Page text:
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PZL I-22 Iryda Trainer, Light Attack

When the first-generation indigenous TS-11 Iskra needed replacing in the 1970s, Polands PZL organisation came up with another new design, the Iskra-22, or I-22 Iryda. Launched in 1977 as a replacement for the TS-11 and Lim-6 (MiG-17) tactical and advanced trainers, the I-22 responded to a 1980 Polish Ministry of National Defence Iskra-22 requirement for combat-capable two-seat jet trainer.

PZL designed the Iryda to cover the full spectrum of pilot training, operating in all weathers from unprepared airstrips and carrying a variety of ordnance types. The airframe is able to withstand battle damage and is quick and inexpensive to repair. The I-22 has an all-metal light alloy stressed skin structure and a two-spar wing with integral fuel tanks. The engine bays have titanium heatshields.

The I-22's elevators and rudder are manually (rod) actuated. The flaps are hydraulic, although they can be pneumatically operated in emergencies. Hydraulic airbrakes are fitted in The upper fuselage. Two underwing pylons are fitted on either side of the aircraft. They may contain camera pods, fuel tanks or, for advanced training flights, an offensive load. In combat, air-to-air missiles can be carried for self-defence.

Development was protracted, and the prototype did not fly until March 1985. The prototype crashed in 1987, and four more aircraft flew between 1988 and 1991. The first production order (for nine aircraft, only five of which were completed in I-22 configuration) was announced September 1991. The first of these (serial number 103) made first flight 5 May 1992, handed over to Polish Air Force (with second aircraft 105) 24 October 1992; next three (201, 202 and 203) delivered February 1994 (203 since lost).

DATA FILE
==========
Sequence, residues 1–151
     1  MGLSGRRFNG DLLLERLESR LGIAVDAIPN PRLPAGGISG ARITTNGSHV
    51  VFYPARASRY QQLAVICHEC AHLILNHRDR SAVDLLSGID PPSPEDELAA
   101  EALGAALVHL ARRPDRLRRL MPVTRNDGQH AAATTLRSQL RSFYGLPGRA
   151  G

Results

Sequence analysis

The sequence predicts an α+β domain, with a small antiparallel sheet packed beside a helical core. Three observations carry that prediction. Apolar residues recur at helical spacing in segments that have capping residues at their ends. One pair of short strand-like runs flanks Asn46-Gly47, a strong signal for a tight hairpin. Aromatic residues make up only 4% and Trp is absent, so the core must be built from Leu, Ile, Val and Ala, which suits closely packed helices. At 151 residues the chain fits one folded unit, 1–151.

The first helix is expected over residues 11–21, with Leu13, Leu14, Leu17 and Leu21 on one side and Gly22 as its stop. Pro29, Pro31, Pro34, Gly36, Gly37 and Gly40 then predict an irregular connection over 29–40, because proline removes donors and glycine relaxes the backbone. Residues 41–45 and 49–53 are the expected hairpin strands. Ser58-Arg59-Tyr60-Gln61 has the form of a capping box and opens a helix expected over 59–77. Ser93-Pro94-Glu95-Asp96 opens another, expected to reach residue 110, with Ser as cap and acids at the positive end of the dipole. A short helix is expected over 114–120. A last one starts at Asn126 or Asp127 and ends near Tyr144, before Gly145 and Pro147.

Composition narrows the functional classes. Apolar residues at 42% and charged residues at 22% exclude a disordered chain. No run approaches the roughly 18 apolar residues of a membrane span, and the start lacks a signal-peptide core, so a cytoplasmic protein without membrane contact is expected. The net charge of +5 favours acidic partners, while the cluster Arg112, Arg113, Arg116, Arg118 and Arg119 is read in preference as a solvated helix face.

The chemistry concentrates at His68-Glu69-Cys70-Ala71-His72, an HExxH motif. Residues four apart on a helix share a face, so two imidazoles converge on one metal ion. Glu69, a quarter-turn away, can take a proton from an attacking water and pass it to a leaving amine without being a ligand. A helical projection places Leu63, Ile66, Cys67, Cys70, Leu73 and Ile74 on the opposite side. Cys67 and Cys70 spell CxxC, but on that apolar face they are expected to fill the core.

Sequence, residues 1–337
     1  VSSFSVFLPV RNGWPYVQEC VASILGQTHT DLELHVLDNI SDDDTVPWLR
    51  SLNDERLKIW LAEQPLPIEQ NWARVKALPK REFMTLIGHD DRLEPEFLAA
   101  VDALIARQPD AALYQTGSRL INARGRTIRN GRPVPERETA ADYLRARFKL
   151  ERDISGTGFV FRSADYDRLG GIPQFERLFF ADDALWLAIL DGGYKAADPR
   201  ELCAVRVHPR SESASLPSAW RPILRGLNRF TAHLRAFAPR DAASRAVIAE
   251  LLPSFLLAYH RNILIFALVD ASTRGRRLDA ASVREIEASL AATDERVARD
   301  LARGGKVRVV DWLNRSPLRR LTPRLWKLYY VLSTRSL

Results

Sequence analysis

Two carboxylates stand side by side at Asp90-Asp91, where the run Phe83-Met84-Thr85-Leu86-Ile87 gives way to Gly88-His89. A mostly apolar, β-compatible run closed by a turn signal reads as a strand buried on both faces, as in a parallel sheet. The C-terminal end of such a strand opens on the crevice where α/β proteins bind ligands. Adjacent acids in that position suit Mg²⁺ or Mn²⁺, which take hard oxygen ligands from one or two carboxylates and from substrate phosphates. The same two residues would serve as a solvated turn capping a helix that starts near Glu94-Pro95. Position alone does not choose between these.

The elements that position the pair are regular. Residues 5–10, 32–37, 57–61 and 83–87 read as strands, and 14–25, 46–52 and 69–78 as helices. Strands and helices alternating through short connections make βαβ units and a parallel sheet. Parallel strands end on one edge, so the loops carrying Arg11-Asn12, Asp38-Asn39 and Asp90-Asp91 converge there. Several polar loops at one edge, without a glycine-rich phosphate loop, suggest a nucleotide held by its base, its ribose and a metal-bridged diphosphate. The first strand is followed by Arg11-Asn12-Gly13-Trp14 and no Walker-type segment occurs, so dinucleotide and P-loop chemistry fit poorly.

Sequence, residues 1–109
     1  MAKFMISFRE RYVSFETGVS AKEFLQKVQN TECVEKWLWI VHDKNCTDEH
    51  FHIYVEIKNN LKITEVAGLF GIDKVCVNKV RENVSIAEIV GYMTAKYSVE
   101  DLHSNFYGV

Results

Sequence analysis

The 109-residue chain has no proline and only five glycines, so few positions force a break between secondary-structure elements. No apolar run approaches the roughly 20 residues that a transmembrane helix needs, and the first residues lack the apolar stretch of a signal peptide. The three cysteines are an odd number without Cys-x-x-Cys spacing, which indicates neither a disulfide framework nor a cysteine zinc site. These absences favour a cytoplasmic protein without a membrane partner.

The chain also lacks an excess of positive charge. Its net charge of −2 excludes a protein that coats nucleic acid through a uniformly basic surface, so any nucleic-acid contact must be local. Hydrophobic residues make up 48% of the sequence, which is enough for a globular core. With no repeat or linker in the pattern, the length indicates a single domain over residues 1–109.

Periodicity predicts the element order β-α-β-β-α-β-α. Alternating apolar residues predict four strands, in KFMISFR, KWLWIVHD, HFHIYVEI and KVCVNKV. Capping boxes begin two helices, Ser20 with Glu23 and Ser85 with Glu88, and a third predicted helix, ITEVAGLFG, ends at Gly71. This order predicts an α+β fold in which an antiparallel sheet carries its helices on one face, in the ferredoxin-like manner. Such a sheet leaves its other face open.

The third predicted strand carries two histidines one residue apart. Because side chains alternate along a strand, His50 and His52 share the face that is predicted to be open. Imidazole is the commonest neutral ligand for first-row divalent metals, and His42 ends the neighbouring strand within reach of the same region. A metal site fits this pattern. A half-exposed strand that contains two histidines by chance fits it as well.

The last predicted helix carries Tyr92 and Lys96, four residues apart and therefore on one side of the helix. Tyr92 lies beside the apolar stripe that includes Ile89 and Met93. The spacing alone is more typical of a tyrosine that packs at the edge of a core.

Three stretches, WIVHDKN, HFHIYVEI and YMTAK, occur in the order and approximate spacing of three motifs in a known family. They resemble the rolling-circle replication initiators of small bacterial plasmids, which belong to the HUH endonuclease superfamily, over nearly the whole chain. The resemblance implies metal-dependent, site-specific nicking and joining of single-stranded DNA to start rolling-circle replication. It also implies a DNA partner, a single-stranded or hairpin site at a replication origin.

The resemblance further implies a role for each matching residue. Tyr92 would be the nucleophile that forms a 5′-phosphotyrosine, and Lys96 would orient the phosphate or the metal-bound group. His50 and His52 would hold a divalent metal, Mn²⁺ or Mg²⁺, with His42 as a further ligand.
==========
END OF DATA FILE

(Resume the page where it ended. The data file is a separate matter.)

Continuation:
The Polish Air Force considered buying used Alpha Jet trainers (which the I-22 strongly resembles) from the German Luftwaffe, but this plan came to nothing. The proposal to suspend Iryda development and buy 36 ex-German Alpha Jets was reversed in December 1995. Funding concentrated instead on M-93K improvements and evaluation of the M-96 variant.

Reappraisal in 1995 indicated that I-22 with PZL-5s was underpowered. Five had been delivered by 1994, at which time it was decided to improve what was judged to be an underpowered design by fitting new engines, ejection seats and avionics. The I-22's 10.76-kN (2,420-lb.-thrust) PZL-5 engines were replaced by two new 14.71-KN (3,300-lb.-thrust) IL K-15 turbojets to produce the M-93K. Among the changes made to the I-22 to bring it up to M-93K standard were the installation of Western systems, including avionics, an inertial navigation system (INS) and Martin-Baker PL10LR zero/zero ejection seats. A re-engined example flew in 1994, becoming the main production variant. The four surviving prototype aircraft were due to be upgraded to M-96 standard during 1996-97. Twelve were ordered by the Polish air force and the surviving I-22s will be brought up to the new standard.

With the end of the Cold War, Poland has high export hopes for its new trainer. In an effort to secure foreign sales, the fifth I-22 was fitted with two Rolls-Royce Vipers, as the M-93V. A number of other variants have also been discussed.

MODEL I-22 "Iryda"
DIMENSIONS
Wingspan 9.6 m / 32 ft 6 in / 31.5 ft
Length 13.2 m / 43 ft 4 in / 43.3 ft
Height 4.3 m / 14 ft 1 in / 14.1 ft
Wing area 19.9 m2 / 214.2 sq ft
WEIGHTS
Take-off weight 6900 kg / 15212 lb
7493 kg / 16522 lbs
Empty weight 4700 kg / 10362 lb
3692 kg / 8140 lbs
Max. weight carried 3531 kg / 7785 lbs
ENGINE 2 x PZL-5 SO-3W22, 10.7kN (2,420-lb.-thrust)
2 x IL K-15 14.71-KN (3,300-lb.-thrust)
PERFORMANCE
Max. speed 840 km/h / 522 mph
980 km/h / 529 kts
Cruise speed 570 km/h / 354 mph
924 km/h / 499 kts
Initial climb rate 37 m/s / 7300 ft/min
Ceiling 11000 m / 36100 ft
12600 m / 41339 ft
Wing load 377 kg/qm / 77.3 lbs/ft2
Range w/max.fuel 4000 km / 2486 miles
Range 1670 km / 902 nm
Range w/max.payload 420 km / 261 miles
ARMAMENT 1 x 23mm GZs-23L cannon,
2000kg weapons on four external hardpoints
CREW 2

PZL I-22 Iryda



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